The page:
The tech story of the day, and undoubtedly week, is Google’s purchase of Motorola Mobility for a whopping $12 billion. One interesting aspect of the deal is that it included a breakup fee of $2.5 billion. In other words, if the deal falls through for whatever reason, Google is still obligated to pay Motorola $2.5 billion – which according to a report from Bloomberg is more than six times the typical amount.
On a percentage basis, the fee is more than triple the $3 billion AT&T Inc. is offering as part of its $39 billion bid for Deutsche Telekom AG’s T-Mobile USA, the largest deal this year. Both AT&T and Google face increasing scrutiny as regulators examine whether their acquisitions are stifling competition in the telecommunications and Internet industries.
Now one can look at this from two non mutually exclusive angles. One, the high breakup fee perhaps indicates Google’s confidence that the deal will pass all muster, legal and otherwise, without much of a fuss. To that end, the $2.5 billion break fee is no sweat for the search giant. From another angle, the high break free might be a reflection of Google’s desperation to acquire Motorola’s patent portfolio even if it means agreeing to an unusually high break free amount. Remember that Google’s proposed deal to acquire Groupon allegedly fell apart due to Google’s reluctance to agree to Groupon’s breakup fee stipulations.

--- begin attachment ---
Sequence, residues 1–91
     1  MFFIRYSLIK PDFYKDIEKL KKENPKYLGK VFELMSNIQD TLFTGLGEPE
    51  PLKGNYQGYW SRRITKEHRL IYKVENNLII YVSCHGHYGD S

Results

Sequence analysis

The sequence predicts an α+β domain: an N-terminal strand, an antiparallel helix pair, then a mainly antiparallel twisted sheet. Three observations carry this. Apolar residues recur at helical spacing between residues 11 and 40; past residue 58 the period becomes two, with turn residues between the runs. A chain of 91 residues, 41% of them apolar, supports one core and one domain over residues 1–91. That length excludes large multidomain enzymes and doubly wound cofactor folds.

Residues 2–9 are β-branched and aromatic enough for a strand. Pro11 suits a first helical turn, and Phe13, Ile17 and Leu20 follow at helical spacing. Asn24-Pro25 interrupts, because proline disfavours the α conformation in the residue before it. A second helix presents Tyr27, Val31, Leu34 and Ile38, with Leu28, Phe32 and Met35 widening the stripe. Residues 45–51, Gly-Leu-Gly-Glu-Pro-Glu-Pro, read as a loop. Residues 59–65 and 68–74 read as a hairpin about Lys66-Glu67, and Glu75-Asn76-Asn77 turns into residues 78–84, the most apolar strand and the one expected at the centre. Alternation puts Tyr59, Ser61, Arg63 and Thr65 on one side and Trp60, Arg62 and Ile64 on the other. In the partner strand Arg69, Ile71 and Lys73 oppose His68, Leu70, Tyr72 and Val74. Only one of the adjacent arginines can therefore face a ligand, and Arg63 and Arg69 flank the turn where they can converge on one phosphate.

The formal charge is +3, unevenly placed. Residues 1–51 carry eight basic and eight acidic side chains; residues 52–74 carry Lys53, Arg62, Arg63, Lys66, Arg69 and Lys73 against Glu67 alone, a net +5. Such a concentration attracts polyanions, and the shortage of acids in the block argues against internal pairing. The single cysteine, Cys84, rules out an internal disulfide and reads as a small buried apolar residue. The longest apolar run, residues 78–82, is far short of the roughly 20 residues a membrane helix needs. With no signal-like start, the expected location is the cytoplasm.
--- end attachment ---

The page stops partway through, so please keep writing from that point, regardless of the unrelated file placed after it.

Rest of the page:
On the flip side, should Motorola back out of the deal, they’ll be on the hook for a much more reasonable $375 million.